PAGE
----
Country Music

It was a dark Friday night, a long drive home from a high school basketball game on the outskirts of Kansas City, and I began to fiddle with the radio. It’s strange. In Kansas City, the radio formats change so often, with so much predictability (and yet, no creativity), that sometimes it’s hard to figure out what station is playing what.

Wait? Is that a top-40 station now? Wait, classic rock? Another one? Aren’t there like six of those? And must they all have “Bad to the Bone” in rotation at all times?

One of the latest to change — a station called 99.7 The Point — purports to play “Today’s Best Music.” This is, of course, a pretty vague description. And considering the station was playing “Girls Just Want to Have Fun” a few minutes ago, it’s not even really all that accurate. And yet, there’s one thing that doesn’t change in Kansas City radio: the country stations.

We have KBEQ-FM 104.3, which has been playing country music since 1993, when it was birthed as “Young Country* 104.3.” Nearly 20 years later, still going strong. Here’s an even better example: KFKF-FM 94.1 has been playing country music since its inception in 1963.

*A little Kansas City trivia/history: In 1993, when Joe Montana was quarterbacking at Arrowhead, the Chiefs played Steve Young and the 49ers, and the station went by “Montana Country 104.3” for a week. This was around the same time that the Chiefs played the Oilers in the playoffs and the old restaurant Houston’s covered up their sign for a week. THIS is Kansas City, for better or worse.

So, yes, it’s not hard for a country music radio station to survive in Kansas City. Which brings us back to Friday, and my seek-seek-seek adventure on the radio dial. As I prepared to move past 94.1, I stopped. I heard a sound. A song that felt familiar. But not quite. This was country music.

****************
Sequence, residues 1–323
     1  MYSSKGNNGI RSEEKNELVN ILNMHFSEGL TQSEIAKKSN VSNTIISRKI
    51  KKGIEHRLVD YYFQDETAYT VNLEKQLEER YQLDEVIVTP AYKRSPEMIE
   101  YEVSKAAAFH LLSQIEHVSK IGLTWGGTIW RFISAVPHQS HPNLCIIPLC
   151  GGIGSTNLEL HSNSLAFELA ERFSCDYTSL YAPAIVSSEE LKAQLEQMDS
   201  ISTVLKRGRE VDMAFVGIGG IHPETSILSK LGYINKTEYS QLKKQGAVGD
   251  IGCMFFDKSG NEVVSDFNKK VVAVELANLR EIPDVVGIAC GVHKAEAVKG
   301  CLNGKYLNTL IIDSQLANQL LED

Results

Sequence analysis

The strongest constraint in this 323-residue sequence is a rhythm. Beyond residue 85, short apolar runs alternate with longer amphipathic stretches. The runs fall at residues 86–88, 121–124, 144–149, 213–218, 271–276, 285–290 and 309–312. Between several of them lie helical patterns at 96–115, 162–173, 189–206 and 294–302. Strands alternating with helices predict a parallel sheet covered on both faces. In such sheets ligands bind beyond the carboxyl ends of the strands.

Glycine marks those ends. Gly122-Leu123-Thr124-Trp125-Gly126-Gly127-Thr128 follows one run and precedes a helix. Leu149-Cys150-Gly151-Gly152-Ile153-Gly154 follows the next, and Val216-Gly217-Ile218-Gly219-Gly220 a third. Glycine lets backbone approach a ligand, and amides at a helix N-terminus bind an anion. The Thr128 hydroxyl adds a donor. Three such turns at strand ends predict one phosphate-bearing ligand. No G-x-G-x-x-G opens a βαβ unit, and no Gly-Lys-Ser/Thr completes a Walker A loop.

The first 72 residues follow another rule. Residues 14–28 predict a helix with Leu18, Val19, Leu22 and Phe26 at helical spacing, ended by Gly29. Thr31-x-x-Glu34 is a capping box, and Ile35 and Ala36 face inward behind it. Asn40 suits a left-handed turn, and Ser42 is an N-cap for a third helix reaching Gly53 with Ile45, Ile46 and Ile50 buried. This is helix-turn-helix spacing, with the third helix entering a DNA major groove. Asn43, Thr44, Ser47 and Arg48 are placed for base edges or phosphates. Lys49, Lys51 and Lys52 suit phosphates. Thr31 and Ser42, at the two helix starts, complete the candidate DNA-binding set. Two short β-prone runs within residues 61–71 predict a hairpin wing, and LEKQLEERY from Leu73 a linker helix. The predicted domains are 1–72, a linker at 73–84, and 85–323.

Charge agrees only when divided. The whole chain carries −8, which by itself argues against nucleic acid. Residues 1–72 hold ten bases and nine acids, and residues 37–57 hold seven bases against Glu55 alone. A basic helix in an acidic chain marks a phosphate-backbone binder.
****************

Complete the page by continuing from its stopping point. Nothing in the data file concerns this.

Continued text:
I have always had a strange relationship with country music. And for the purposes of the rest of this post, let’s define country music as mainstream country — Garth Brooks, Alan Jackson, George Strait, Shania Twain, Chesney, Tim and Faith, on and on and on.

On one hand, I’ve never been a big fan. But I have been tolerant. My mom likes this type of country. So do my sisters. I could handle it.

On the other hand, I’ve always been fascinated by the country-music ethos.  Yes, the country-music ethos. The idea that every song is more or less about the same thing. Big City vs. Small Town. American-made cars. Tractors. Honky-Ton Bars. Cattle. Amazing Grace. Cold Beer. And so on.

You know, Us vs. Them.

The beauty of the country-music ethos, I think, is that it can work for almost anyone. I grew up in affluent suburbia. Strip malls. Box stores. Parking lots. Nice medium-sized beige houses. Mega-theaters. A metro area of close to 2 million.

And yet, this is still Kansas, still the Midwest, still flyover country. And if you’re comparing Kansas City to, say New York, Kenny Chesney’s “Back Where I Come From” makes a little bit of sense.

It’s like: Yes, we live in an area with a bit of an inferiority complex. But, damn, this place is pretty sweet. Don’t you outsiders tell us any different.

This, I believe, is part of the country-music ethos. And it can work for anything. A kid in Lone Jack, Mo., can sit in his pickup truck late at night, listen to Kenny Chesney, and I bet he thinks those city folk in Kansas City have no idea. And you know what? I’m sure there are ranch hands in Cross Timbers, a tiny little speck of a ranching town near the Ozarks, that think those rich boys in Lone Jack have no idea, either.